A Wicked Problem Set
The effects of climate change have been of great concern to U.S. military commanders and planners for some time. Benchmarking to 2011, the year of President Obama’s Canberra speech, economic losses from climate change were estimated to eventually reach up to 20 percent of global GDP, with the World Bank estimating global adaption costs of $75 to $100 billion per year between 2010 and 2050.2 Around the start of the “Pacific Pivot,” 40 percent of global economic growth was attributed to the Indo-Pacific region, which also encompasses some of the most devastating poverty on Earth. Growing gaps between the “haves” and “have-nots” lead to disenfranchisement and cross-border population shifts. The INDOPACOM AOR is also the world’s most disaster-prone, containing 80 percent of all natural disaster occurrences. As articulated in a 2021 National Intelligence Estimate, the risks to U.S. national security interests will be increased by climate change.
The pan-Asian economy showed resilience through the first year of the coronavirus pandemic. This economy shrank by only 1.5 percent in 2020, compared with 3.2 percent shrinkage for the world economy at large. The pan-Asian economy is also expected to rebound faster in the near future. A significant fraction of world economic growth is concentrated in nations residing in the Indo-Pacific region. Yet, they can be particularly impacted by climate change and associated severe weather shocks. Additionally, U.S. military, economic, and political interests are located within the AOR, as well as infrastructure upon which global trade depends. Clearly, the challenges facing the region persist. With the settings and problems articulated and framed, several challenge-opportunity pairings become apparent.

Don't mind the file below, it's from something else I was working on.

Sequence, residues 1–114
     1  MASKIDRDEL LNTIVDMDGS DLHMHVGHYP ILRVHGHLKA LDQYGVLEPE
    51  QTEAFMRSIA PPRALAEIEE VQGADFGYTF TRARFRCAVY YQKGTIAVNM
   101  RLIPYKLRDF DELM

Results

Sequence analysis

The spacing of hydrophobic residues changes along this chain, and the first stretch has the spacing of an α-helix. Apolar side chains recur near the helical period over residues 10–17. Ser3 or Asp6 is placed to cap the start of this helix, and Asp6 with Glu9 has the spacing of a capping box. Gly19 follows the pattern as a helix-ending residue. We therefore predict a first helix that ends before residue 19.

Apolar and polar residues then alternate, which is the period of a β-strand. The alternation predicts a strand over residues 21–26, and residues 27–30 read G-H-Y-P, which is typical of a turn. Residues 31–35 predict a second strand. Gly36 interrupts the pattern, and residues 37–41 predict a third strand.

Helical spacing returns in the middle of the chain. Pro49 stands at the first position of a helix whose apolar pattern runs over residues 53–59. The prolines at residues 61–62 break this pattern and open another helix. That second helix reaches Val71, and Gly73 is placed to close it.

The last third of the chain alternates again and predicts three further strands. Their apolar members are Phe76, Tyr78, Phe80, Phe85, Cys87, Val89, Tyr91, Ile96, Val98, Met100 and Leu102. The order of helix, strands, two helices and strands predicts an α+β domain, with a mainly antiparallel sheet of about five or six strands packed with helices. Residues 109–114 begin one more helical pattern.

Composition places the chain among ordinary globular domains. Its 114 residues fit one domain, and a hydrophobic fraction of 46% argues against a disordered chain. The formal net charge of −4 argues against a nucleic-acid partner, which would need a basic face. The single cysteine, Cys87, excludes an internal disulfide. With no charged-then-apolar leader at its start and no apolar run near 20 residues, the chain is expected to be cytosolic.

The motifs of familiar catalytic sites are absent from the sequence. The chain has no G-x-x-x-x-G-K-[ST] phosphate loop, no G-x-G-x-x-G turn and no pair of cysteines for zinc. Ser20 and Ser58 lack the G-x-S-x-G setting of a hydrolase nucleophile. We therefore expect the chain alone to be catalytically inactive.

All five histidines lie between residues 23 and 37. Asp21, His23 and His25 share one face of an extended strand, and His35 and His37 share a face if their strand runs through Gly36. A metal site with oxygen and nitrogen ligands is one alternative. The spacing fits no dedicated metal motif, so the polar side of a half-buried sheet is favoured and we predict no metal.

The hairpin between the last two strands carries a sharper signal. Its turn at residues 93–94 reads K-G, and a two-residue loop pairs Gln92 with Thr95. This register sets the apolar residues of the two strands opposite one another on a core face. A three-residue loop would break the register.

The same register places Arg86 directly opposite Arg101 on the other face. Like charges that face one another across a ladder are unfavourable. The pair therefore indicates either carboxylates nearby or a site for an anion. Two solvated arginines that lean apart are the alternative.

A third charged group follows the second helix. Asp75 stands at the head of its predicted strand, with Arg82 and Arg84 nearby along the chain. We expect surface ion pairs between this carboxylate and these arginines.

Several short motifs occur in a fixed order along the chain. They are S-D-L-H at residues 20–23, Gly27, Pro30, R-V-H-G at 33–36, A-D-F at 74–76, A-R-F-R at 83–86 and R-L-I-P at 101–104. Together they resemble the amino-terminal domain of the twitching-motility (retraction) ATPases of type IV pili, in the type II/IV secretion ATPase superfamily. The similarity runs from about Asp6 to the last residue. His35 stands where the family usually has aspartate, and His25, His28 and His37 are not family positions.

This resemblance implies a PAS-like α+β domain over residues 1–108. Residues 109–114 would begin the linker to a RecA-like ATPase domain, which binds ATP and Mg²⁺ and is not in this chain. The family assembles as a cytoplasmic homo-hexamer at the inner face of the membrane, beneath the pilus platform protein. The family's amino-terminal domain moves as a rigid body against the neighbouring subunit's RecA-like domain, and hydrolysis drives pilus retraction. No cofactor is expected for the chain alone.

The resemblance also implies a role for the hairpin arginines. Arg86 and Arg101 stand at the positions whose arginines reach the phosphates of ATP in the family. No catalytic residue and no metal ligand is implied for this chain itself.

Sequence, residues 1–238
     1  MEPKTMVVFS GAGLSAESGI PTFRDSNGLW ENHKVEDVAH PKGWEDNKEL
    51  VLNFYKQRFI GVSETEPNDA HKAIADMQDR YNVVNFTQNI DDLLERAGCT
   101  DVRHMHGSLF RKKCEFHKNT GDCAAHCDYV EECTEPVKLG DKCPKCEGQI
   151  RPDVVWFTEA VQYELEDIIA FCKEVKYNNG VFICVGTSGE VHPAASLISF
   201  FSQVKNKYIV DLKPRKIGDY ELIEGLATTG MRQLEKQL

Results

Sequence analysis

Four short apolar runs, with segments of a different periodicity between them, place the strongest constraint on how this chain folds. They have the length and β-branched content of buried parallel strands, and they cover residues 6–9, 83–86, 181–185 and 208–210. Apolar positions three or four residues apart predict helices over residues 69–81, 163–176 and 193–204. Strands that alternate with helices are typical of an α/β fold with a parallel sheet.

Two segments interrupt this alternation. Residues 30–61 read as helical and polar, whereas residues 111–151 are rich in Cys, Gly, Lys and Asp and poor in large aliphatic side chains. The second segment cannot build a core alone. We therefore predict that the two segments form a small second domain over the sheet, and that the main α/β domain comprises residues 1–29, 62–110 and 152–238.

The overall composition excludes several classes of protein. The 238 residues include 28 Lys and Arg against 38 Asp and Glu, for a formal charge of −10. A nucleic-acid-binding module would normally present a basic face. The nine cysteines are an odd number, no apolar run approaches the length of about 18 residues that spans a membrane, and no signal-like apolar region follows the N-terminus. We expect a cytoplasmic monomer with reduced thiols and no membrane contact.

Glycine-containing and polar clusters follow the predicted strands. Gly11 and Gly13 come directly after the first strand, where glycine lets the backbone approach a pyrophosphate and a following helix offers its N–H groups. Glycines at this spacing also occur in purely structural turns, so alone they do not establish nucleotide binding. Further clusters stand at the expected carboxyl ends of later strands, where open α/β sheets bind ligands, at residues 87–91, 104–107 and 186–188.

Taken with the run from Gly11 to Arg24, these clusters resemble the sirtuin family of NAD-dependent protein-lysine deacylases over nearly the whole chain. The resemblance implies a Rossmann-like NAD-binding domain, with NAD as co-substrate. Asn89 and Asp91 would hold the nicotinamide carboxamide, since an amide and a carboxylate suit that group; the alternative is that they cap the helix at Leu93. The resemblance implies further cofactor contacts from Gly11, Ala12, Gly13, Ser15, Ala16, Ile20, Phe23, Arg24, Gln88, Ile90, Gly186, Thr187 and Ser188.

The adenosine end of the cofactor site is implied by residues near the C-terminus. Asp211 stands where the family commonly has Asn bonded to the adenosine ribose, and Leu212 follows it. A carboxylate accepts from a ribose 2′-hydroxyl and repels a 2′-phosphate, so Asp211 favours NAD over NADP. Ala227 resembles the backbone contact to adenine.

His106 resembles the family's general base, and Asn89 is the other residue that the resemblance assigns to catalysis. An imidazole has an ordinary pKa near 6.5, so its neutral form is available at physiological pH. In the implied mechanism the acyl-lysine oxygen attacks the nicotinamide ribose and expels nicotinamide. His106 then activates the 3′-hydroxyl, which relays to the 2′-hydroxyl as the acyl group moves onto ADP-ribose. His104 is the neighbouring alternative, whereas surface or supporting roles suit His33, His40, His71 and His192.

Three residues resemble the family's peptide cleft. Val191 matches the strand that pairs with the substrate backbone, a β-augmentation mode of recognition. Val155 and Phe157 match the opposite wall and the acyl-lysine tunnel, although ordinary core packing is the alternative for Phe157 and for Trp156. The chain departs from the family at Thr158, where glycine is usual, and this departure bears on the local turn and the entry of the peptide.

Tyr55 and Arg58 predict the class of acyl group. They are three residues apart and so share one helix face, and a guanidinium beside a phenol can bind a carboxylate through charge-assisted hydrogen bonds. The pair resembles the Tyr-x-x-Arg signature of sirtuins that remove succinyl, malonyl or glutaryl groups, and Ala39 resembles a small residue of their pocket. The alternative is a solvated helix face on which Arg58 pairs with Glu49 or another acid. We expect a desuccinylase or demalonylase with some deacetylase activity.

Challenge and Opportunity I—(Population Support)
Population support in the form of food security is a huge concern for ASEAN nations and coastal portions of mainland Asia. These populations reside largely in coastal cities and are supported by low-lying agricultural areas, both of which are particularly vulnerable to climate effects. Recent work at the intersection of the physical and political sciences have investigated these interrelationships. For instance, as temperatures deviated from an agricultural optimum of around 20C, asylum applications in nearby countries increased in a nonlinear fashion. This implies that increased migrations will accompany future temperature fluctuations.
Changing rain patterns can result in inundation of flood-sensitive areas, while laying previously fertile agricultural regions fallow.3 Melting polar ice caps alter the seawater salinity of the uppermost ocean layers. Production of localized “dead zones,” devoid of economically meaningful sea life, are predicted to result from oxygen depletion in particular parts of the ocean. These effects could drive regional seafood stocks farther offshore to deeper waters, or even contribute to ecosystem collapse if critical portions of ocean food webs are disrupted. Rising populations and unstable food stocks are not a stable duo.4